External Locus of Control but not Self-Esteem Predicts Increasing Social Anxiety Among Bullied Children


  • Belinda Graham Orcid
  • Lucy Bowes Orcid
  • Anke Ehlers Orcid


Background: Elevated social anxiety is more likely among bullied children than those who have not been bullied but it is not inevitable and may be influenced by cognitive factors. Lower self-esteem and more external locus of control are associated with bullying and social anxiety but the impact of these factors over time among bullied children is less clear.

Method: Children from the UK Avon Longitudinal Study of Parents and Children (ALSPAC) reported bullying experiences at age 8 (n = 6,704) and were categorized according to level of bullying exposure. The impact of self-esteem and locus of control on social anxiety was assessed up to age 13 across the bullying exposure groups using multi-group latent growth curve analysis. Complete data was available for 3,333 participants.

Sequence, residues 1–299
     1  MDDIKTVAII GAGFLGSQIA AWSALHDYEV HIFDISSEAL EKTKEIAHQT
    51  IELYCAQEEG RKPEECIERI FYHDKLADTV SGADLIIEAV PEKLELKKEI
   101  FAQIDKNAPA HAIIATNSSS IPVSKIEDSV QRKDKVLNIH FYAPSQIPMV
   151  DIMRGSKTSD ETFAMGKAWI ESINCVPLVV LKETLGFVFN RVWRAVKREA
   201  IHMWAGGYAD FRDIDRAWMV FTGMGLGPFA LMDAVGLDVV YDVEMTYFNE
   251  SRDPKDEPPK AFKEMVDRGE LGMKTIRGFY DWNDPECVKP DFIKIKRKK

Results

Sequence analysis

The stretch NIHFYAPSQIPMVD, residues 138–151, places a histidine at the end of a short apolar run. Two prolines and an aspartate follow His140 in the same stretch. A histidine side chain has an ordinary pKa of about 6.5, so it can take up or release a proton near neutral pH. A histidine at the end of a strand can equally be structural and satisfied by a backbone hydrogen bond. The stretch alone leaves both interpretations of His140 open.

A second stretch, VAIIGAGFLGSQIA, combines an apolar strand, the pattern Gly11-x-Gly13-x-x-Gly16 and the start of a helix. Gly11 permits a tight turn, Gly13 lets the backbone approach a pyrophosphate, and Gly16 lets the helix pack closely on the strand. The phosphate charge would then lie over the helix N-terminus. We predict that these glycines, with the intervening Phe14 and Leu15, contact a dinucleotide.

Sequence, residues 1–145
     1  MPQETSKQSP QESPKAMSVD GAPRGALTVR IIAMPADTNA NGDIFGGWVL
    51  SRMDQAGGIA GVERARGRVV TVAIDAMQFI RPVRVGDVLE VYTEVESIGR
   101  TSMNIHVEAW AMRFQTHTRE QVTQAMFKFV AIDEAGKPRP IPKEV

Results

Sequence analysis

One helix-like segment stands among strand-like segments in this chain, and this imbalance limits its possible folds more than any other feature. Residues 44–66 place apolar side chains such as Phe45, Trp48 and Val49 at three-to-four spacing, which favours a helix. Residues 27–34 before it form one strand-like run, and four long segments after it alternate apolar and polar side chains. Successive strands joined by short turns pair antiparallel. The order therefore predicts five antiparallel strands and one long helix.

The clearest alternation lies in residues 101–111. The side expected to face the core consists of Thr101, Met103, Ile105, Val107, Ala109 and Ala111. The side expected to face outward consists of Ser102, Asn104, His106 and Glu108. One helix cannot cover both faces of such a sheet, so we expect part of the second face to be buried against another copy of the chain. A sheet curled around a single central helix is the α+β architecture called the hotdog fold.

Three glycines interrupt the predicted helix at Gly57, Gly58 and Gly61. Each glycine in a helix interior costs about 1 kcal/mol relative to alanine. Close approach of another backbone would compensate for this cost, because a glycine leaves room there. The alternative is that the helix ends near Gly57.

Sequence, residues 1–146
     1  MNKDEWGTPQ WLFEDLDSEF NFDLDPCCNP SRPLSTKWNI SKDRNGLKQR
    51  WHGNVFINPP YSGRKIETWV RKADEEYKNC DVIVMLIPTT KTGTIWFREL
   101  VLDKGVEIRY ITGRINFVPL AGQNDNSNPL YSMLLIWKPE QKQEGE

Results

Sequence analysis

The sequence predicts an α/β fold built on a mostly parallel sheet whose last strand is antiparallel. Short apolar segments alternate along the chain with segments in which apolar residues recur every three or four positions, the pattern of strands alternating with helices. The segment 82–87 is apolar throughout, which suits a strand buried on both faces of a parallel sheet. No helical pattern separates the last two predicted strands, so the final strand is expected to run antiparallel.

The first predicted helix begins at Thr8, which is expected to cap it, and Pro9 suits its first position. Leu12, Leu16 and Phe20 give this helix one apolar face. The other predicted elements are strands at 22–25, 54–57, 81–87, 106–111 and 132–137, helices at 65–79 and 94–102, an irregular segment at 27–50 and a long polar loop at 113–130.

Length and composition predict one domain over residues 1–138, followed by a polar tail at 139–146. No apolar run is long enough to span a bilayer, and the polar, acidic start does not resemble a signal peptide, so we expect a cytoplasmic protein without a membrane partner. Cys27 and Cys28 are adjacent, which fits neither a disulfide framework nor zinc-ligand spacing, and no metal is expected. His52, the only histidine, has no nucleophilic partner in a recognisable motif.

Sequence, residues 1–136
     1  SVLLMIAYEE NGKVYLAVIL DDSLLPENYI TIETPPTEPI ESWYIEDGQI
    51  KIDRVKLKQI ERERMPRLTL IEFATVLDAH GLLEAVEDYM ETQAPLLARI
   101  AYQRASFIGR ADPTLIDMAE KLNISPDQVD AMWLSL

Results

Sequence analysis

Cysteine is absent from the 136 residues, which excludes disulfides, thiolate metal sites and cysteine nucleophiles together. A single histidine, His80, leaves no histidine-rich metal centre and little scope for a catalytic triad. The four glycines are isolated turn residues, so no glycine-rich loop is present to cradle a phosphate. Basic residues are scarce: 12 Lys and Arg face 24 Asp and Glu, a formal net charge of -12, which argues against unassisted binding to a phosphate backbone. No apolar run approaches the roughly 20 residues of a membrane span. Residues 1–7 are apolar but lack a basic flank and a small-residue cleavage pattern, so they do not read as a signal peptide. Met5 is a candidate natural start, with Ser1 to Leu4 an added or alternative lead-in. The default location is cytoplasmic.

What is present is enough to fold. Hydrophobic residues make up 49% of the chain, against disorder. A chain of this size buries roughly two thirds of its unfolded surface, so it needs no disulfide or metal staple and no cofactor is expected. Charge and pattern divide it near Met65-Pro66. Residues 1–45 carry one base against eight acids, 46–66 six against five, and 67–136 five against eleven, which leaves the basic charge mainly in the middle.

Results: More external locus of control was associated with a steeper increase in social anxiety among severely bullied children [B = .249, p = .025]. Although self-esteem at age 8 was associated with existing social anxiety it did not predict later increases in social anxiety.

Conclusion: These results indicate that beliefs about lack of personal control among severely bullied children may contribute to increasing social anxiety over time. Exploring related cognitions may be helpful in this potentially vulnerable group.